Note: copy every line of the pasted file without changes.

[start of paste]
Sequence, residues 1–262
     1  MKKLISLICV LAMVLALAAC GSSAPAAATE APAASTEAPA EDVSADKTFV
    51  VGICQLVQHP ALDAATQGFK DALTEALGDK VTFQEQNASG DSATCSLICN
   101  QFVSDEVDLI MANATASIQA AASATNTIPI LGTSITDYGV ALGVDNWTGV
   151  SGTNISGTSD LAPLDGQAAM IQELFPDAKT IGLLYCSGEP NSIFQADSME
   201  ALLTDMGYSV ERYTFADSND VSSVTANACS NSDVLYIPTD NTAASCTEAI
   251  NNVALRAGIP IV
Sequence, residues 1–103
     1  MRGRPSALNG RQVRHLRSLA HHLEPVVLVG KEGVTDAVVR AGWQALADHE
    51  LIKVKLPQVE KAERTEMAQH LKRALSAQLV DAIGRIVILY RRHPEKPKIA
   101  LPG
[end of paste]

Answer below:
Sequence, residues 1–262
     1  MKKLISLICV LAMVLALAAC GSSAPAAATE APAASTEAPA EDVSADKTFV
    51  VGICQLVQHP ALDAATQGFK DALTEALGDK VTFQEQNASG DSATCSLICN
   101  QFVSDEVDLI MANATASIQA AASATNTIPI LGTSITDYGV ALGVDNWTGV
   151  SGTNISGTSD LAPLDGQAAM IQELFPDAKT IGLLYCSGEP NSIFQADSME
   201  ALLTDMGYSV ERYTFADSND VSSVTANACS NSDVLYIPTD NTAASCTEAI
   251  NNVALRAGIP IV
Sequence, residues 1–103
     1  MRGRPSALNG RQVRHLRSLA HHLEPVVLVG KEGVTDAVVR AGWQALADHE
    51  LIKVKLPQVE KAERTEMAQH LKRALSAQLV DAIGRIVILY RRHPEKPKIA
   101  LPG